Police Not to Be Questioned in Dink Murder Trial

ISTANBUL (Combined Sources)–The Trabzon Governor’s Office has not given permission for its security officers to be questioned in relation with the Hrant Dink murder.
Lawyers for the Dink family are appealing this announcement made on August 7 at the First Administrative Court in Trabzon.
The governor’s office has based its decision on a report by investigators of the Ministry of the Interior, which had decided that eight security officers, including the then Police Directors Ramazan Akyurek and Resat Altay, were "not at fault."
Fethiye Cetin, one of the Dink family’s lawyers evaluated the investigators’ report and the decision as "very saddening". She explained the importance of questioning the police officers:
"One of the defendants in the trial, Erhan Tuncel, was working as a police informant. He had told intelligence officers that Hrant Dink would be murdered, indeed that he would be killed with a shot in the neck."
"One of the most important duties of police officers is to prevent crimes. In the first place, there is negligence, because despite of being informed they did not act."
"Apart from the negligence, the relations that were built before the murder look like an attempt to hide the murder. This investigation was very important. The fact that ‘no fault has been found’ is very saddening."
Cetin emphasized that the new Minister of the Interior, Besir Atalay, needed to start a new, serious investigation into the Dink murder.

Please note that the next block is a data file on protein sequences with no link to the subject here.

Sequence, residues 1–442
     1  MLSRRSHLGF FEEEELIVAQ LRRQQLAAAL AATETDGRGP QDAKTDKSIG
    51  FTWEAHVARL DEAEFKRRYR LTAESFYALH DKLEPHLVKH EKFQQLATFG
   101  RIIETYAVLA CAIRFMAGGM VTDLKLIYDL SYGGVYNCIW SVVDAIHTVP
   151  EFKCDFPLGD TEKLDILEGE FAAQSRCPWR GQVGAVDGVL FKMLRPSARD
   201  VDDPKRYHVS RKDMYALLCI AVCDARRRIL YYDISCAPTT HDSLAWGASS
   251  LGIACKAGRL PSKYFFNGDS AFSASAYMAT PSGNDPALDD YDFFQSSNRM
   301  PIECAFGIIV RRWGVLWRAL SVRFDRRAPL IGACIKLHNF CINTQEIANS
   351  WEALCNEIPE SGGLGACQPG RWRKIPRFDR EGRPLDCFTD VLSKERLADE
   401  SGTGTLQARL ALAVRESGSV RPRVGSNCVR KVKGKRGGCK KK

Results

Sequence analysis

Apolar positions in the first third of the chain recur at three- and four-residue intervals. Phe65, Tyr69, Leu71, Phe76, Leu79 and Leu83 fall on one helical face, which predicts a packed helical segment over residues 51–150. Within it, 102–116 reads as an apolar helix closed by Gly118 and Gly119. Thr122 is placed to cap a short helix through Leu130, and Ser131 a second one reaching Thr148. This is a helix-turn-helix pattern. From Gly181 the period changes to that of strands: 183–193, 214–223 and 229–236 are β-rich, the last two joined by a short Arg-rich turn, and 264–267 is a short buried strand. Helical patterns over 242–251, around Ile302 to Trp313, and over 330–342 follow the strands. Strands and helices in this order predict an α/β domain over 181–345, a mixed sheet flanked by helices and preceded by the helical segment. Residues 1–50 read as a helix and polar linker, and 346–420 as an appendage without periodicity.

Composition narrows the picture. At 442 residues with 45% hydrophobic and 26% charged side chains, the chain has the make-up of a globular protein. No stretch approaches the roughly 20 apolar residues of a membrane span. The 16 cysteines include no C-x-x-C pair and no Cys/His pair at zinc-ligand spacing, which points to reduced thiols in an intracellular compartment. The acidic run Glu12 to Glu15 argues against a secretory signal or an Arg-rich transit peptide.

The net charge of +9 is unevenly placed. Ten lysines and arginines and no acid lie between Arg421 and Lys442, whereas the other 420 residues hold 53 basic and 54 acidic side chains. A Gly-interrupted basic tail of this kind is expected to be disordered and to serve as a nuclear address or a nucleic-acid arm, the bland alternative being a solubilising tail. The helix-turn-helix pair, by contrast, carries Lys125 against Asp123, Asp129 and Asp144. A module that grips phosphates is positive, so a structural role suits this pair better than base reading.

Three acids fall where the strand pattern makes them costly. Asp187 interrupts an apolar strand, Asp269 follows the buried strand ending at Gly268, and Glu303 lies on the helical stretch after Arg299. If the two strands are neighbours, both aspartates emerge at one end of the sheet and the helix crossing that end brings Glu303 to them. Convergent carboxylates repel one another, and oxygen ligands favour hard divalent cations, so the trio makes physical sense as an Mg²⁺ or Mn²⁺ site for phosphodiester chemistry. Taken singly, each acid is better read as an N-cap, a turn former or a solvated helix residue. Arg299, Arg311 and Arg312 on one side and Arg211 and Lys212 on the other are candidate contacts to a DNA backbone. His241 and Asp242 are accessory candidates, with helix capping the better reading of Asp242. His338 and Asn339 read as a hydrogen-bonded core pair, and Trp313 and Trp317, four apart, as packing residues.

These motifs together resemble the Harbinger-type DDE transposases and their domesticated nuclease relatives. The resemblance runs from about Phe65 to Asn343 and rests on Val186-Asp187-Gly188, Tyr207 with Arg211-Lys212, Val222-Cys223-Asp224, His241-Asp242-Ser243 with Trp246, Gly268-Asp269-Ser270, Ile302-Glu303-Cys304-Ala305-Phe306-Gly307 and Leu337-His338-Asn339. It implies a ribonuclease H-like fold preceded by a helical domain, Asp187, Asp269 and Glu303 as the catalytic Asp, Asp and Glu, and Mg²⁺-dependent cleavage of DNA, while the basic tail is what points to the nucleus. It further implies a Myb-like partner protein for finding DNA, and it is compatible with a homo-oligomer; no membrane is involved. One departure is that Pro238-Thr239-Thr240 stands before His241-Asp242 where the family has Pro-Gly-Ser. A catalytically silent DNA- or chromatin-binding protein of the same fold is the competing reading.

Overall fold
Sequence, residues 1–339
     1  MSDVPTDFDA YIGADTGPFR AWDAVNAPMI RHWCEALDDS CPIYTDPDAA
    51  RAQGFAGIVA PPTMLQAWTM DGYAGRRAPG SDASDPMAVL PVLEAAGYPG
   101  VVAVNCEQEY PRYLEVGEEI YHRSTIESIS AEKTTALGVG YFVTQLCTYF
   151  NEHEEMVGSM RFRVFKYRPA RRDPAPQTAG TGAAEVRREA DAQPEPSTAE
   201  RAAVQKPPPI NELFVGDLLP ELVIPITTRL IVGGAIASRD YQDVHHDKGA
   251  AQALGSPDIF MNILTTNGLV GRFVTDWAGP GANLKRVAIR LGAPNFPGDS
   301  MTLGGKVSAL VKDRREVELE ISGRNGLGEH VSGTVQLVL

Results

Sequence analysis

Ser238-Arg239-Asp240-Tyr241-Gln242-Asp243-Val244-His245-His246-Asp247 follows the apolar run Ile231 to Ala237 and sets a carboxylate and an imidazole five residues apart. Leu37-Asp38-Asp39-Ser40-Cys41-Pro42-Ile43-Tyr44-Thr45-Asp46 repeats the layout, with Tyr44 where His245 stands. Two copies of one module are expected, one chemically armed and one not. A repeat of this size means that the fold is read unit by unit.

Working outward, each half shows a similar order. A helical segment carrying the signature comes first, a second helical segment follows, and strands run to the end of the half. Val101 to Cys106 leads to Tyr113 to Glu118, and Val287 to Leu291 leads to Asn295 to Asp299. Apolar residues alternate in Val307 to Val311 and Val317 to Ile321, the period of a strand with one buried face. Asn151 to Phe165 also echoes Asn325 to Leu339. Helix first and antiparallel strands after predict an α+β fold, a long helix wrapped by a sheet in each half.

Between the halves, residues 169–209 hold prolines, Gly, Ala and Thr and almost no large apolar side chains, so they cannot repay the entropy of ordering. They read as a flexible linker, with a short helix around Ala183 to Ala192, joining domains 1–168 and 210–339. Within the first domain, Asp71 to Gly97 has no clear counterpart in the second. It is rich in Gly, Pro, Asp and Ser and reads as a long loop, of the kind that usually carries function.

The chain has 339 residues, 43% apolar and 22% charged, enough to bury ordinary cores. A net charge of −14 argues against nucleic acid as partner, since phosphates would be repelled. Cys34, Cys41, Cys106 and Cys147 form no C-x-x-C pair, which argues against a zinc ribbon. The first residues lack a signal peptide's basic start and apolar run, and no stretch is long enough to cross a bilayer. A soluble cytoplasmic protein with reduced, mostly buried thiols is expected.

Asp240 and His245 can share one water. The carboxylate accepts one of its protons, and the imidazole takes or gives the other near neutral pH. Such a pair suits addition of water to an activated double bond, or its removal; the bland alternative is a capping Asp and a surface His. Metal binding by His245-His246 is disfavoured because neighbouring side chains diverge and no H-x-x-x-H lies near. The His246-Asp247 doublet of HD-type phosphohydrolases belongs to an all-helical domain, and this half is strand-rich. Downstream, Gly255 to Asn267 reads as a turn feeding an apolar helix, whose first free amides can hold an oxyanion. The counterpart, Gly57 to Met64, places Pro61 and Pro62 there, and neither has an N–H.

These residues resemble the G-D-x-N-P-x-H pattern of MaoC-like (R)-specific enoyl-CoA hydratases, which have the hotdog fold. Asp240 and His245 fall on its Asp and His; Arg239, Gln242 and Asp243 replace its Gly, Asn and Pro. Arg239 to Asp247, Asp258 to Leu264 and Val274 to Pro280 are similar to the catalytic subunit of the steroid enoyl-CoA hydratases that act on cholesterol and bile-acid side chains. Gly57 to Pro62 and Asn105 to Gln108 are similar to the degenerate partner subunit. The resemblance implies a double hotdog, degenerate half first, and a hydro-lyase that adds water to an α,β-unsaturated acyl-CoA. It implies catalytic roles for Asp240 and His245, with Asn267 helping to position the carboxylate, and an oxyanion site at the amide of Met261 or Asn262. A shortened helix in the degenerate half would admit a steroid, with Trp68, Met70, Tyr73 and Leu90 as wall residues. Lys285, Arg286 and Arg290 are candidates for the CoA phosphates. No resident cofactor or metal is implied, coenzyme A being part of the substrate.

"The gendarmerie is also attached to the Minister. This investigation has to be run by people with special authority, who will be able to investigate independently and effectively."
She continued, "Police officers must do their duties without any blots. Otherwise, we will continue to suffer greatly in Turkey."
The Istanbul Public Prosecution, which has been running the investigation into the murder, had sent files to the Trabzon Public Prosecution, arguing that the Trabzon security officers had "neglected their duties" and had not "fulfilled their duties as civil servants to prevent a crime". Istanbul had called for an investigation of the officers.
According to Turkish law, the prosecution sent the files to the Trabzon Governor’s Office and civil service chief inspectors of the Ministry of the Interior had been assigned to an investigation.
In a preliminary report, the inspectors had said:
"Contrary to claims made, there has been no fault found with the Trabzon Police Directorate officers as far as the fulfillment of civil servant duties to prevent crimes is concerned. In addition, the claim that there were 17 warnings of Firat (Hrant) Dink’s planned murder is not true."
As a reaction to this preliminary report, the Trabzon Governor’s Office has decided not to allow the questioning of Ramazan Akyurek, Resat Altay, Engin Dinc, Faruk Sari, Ercan Demir, Ozcan Mumcu, Muhittin Zenit and Mehmet Ayhan.
Hrant Dink, the editor-in-chief of the weekly Agos newspaper had been murdered on January 19. The first hearing of the murder trial took place on July 2.


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